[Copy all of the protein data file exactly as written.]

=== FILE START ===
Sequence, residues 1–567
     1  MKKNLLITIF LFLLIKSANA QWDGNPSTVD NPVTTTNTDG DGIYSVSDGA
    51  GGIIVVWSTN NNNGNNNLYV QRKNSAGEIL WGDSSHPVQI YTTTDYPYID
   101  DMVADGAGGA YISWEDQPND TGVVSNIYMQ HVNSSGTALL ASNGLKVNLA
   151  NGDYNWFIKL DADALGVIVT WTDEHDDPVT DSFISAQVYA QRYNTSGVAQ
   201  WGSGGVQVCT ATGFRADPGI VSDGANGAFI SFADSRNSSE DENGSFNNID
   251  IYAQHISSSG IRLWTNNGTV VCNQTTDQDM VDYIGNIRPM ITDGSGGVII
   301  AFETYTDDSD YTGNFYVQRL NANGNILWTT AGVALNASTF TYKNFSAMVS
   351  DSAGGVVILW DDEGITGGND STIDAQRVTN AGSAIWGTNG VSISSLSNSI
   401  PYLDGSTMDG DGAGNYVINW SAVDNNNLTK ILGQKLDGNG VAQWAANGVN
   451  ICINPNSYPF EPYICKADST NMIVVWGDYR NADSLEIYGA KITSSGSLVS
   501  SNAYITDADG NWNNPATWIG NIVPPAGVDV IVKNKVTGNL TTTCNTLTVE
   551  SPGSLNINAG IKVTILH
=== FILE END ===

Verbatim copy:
Sequence, residues 1–567
     1  MKKNLLITIF LFLLIKSANA QWDGNPSTVD NPVTTTNTDG DGIYSVSDGA
    51  GGIIVVWSTN NNNGNNNLYV QRKNSAGEIL WGDSSHPVQI YTTTDYPYID
   101  DMVADGAGGA YISWEDQPND TGVVSNIYMQ HVNSSGTALL ASNGLKVNLA
   151  NGDYNWFIKL DADALGVIVT WTDEHDDPVT DSFISAQVYA QRYNTSGVAQ
   201  WGSGGVQVCT ATGFRADPGI VSDGANGAFI SFADSRNSSE DENGSFNNID
   251  IYAQHISSSG IRLWTNNGTV VCNQTTDQDM VDYIGNIRPM ITDGSGGVII
   301  AFETYTDDSD YTGNFYVQRL NANGNILWTT AGVALNASTF TYKNFSAMVS
   351  DSAGGVVILW DDEGITGGND STIDAQRVTN AGSAIWGTNG VSISSLSNSI
   401  PYLDGSTMDG DGAGNYVINW SAVDNNNLTK ILGQKLDGNG VAQWAANGVN
   451  ICINPNSYPF EPYICKADST NMIVVWGDYR NADSLEIYGA KITSSGSLVS
   501  SNAYITDADG NWNNPATWIG NIVPPAGVDV IVKNKVTGNL TTTCNTLTVE
   551  SPGSLNINAG IKVTILH